Today the city reaches its destination.

Adrift

Synopsis

Picking up straight after season 3’s finale the city is trying to get itself back online while the infirmary tries to stop Weir from dying and Ronon from biting at his stitches as it were. Things begin going from bad to worse for both sides as the science teams find that the city is losing what little power it has left while Weir flatlines on the way to the infirmary, with the team barely able to stabilise her condition. The science team, unable to fix the damage causing the actual power loss, attempts to shutdown non-essential systems but the city itself begins going into its “last gasp” mode and slowly withdraws the shield to the core areas which ends up cutting off members of the Expedition in hard vacuum. Once everyone else is safe back in the central tower the order is given by Sheppard to quicken the withdrawal of the shield to only the central tower so more power can be saved.

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Elsewhere in the void between galaxies the Midway Space Station is being finalised, with Carter and Dr Lee on board to finish the programming and work out the kinks in the key systems. The two of them find themselves contacted by Ellis on the Apollo who reports that the city is missing. After breaking off contact with Ellis the two SGC scientists try to think up a plan to contact the city.

Back on the city Weir condition grows worse, forcing Dr Keller to operate on her when her brain swells to ease pressure on it. Regarding the city’s power issue Meredith brings good news in that systems they need to get moving are all functional but the bad news is that the power conduits that are damaged have to be repaired first. While this is possible the city faces more issues when they find that they’re heading towards an asteroid field and can’t bring the shields back nor access the control chair to use drones from the city to clear a path. Instead every member of the Expedition with the ATA gene is drafted to use the drones from Jumpers to clear the path which they largely manage to do with the unshielded parts of the city only taking minor damage at most from small remnants of the larger destroyed rocks. Unfortunately upon return they realise they have another problem.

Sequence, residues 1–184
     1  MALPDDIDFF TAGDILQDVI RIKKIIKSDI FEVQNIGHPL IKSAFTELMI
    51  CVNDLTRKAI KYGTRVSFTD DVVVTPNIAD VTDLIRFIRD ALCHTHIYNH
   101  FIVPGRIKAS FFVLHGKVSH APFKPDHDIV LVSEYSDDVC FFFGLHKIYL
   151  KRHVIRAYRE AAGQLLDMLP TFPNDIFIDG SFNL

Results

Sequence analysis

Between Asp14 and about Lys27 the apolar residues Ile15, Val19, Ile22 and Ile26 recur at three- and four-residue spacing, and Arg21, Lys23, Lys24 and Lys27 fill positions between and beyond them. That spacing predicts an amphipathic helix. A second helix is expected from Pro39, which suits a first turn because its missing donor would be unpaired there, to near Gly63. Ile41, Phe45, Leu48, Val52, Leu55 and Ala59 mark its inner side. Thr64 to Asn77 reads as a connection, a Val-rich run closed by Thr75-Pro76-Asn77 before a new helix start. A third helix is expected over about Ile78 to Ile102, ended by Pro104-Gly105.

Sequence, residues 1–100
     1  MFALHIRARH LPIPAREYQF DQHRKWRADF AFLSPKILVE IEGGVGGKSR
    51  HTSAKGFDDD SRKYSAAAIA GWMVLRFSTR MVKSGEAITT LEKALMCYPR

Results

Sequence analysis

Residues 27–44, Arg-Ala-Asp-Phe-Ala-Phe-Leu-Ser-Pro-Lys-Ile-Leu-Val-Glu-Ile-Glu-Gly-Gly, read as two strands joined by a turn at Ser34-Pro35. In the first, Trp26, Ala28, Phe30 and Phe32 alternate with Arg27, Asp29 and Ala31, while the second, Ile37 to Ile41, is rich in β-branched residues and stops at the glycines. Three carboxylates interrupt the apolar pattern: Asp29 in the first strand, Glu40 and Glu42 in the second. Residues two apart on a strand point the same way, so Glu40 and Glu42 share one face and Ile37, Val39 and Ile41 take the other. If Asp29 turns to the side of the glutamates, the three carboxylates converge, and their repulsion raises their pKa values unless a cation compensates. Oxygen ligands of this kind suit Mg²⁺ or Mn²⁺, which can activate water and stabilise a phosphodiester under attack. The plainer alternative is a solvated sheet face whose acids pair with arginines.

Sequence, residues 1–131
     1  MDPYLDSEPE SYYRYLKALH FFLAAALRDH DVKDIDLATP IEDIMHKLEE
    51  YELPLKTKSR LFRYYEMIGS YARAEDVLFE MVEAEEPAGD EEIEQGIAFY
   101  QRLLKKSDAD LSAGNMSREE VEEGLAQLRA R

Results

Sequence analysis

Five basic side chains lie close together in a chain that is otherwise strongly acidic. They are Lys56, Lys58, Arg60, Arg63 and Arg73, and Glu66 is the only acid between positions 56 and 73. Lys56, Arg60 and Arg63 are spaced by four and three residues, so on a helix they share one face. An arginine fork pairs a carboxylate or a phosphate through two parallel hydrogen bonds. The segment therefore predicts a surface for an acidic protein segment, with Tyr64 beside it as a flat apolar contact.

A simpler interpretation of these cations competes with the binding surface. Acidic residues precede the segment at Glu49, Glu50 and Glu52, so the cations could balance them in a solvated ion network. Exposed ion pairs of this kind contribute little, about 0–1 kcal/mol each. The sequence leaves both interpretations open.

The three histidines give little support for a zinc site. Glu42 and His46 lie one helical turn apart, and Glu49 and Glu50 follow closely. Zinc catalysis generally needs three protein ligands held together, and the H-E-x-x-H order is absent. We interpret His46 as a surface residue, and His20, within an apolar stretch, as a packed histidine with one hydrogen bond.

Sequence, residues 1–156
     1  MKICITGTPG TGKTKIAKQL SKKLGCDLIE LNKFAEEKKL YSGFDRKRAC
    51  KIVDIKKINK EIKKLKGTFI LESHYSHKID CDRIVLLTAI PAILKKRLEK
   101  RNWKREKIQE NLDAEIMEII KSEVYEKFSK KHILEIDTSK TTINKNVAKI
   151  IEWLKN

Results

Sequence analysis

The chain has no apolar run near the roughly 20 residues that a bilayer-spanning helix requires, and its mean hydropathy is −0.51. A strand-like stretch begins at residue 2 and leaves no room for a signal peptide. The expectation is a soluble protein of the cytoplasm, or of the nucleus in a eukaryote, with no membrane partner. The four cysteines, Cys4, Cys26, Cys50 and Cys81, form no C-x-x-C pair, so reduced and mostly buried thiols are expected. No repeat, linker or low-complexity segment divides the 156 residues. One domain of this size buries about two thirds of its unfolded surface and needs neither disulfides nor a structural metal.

Landing in the Jumper bay Meredith and Sheppard are soon told that not all rocks were cleared and now more damage needs to be repaired before they can use the hyperdrive, forcing Sheppard and Zelenka to go for a spacewalk to another part of the city. As they work on the crystal tray micro asteroids begin tearing through the city and eventually Zelenka’s leg as well. The delay caused by Zelenka’s injury causes the repairs to take too long and they fall below minimum power needed to make it back to hyperspace, leaving them stranded.

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Back in the city however Meredith is contacted by Keller who wants to use the nanites still in Weir’s body to “fix her” as its their only option left to save her. The problem however is that they can’t be shut off once activated without killing Weir in the process. Though Meredith tries to find a way around leaving the nanites on Weir’s worsening condition forces them to activate them early, leaving Weir’s fate tied to them. When Sheppard returns the two colleagues fight about the decision only for Weir to recover and also agree they shouldn’t have done it.

As the team sit around wondering what to do Meredith has a brainwave. Turns out when he went all supergenius he tried to fit a hyperdrive to a Jumper and thinks they can get it working, allowing them to take that on a trip to get a ZPM from the only source they can, the Asuran homeworld.

Analysis

Adrift is a strange opening episode for the show in that compared to both SG-1 and previous seasons of Atlantis it feels very much filler and non-consequential in tone. Despite the 45 minutes of episode we end up in the same situation at both the start and end of the episode, with the city still stranded in the middle of nowhere and with failing power.